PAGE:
Tissue and cellular tropism of the coronavirus associated with severe acute respiratory syndrome: an in-situ hybridization study of fatal cases

J Pathol. 2004 Feb;202(2):157-63. doi: 10.1002/path.1510.


Severe acute respiratory syndrome (SARS) is a new human infectious disease with significant morbidity and mortality. The disease has been shown to be associated with a new coronavirus (SARS-CoV). The clinical and epidemiological aspects of SARS have been described. Moreover, the viral genome of SARS-CoV has been fully sequenced. However, much of the biological behaviour of the virus is not known and data on the tissue and cellular tropism of SARS-CoV are limited. In this study, six fatal cases of SARS were investigated for the tissue and cellular tropism of SARS-CoV using an in-situ hybridization (ISH) technique. Among all the tissues studied, positive signals were seen in pneumocytes in the lungs and surface enterocytes in the small bowel. Infected pneumocytes were further confirmed by immunofluorescence-fluorescence in-situ hybridization (FISH) analysis. These results provide important information concerning the tissue tropism of SARS-CoV, which is distinct from previously identified human coronaviruses, and suggest the possible involvement of novel receptors in this infection. Whereas the lung pathology was dominated by diffuse alveolar damage, the gut was relatively intact. These findings indicated that tissue responses to SARS-CoV infection are distinct in different organs.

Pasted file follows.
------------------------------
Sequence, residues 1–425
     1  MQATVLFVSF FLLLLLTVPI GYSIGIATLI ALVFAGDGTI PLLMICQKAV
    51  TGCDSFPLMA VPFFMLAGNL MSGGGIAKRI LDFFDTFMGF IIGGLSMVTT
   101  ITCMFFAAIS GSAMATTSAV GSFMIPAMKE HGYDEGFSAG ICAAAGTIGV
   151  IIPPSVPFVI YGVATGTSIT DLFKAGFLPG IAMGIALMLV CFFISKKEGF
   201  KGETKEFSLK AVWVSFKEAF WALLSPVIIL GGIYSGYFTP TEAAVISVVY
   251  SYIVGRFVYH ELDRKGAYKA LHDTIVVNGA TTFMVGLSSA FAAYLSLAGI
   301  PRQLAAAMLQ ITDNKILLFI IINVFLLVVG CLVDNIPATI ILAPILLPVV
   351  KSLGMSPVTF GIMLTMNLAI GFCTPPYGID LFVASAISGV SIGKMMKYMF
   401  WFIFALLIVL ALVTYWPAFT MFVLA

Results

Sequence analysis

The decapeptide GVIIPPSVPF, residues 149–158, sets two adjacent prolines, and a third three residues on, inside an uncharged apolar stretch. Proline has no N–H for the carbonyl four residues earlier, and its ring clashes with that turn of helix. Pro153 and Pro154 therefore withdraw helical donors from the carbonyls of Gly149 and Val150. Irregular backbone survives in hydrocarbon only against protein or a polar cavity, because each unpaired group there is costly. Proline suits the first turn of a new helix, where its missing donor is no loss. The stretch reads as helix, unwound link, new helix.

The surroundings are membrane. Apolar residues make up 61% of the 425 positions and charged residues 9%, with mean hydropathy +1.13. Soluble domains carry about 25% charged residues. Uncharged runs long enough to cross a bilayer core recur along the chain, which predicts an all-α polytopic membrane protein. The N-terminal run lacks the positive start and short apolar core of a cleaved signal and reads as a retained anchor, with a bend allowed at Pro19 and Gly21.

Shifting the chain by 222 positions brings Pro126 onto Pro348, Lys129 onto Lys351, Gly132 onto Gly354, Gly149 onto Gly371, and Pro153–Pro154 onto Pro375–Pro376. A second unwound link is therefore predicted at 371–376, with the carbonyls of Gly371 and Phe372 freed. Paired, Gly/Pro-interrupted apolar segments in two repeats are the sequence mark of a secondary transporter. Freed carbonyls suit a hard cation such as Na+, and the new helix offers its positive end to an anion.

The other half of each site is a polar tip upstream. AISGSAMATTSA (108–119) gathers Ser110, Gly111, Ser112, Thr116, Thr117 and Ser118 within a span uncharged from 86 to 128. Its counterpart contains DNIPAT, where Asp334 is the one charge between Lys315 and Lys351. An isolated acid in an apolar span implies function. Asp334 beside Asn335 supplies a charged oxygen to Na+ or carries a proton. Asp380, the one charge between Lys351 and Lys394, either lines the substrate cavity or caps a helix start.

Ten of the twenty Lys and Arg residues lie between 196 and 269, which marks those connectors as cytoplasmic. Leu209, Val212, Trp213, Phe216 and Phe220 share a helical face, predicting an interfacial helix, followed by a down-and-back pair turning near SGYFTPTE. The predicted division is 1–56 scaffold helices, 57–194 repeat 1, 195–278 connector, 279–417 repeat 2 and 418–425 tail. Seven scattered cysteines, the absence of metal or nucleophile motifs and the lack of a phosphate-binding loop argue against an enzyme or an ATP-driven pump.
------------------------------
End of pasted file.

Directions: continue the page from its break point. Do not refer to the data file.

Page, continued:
MeSH terms

  • Animals
  • Chlorocebus aethiops
  • Enterocytes / virology
  • Humans
  • In Situ Hybridization
  • In Situ Hybridization, Fluorescence
  • Intestine, Small / virology
  • Lung / virology
  • Severe Acute Respiratory Syndrome / virology*
  • Severe acute respiratory syndrome-related coronavirus / isolation & purification
  • Severe acute respiratory syndrome-related coronavirus / physiology*
  • Tropism
  • Vero Cells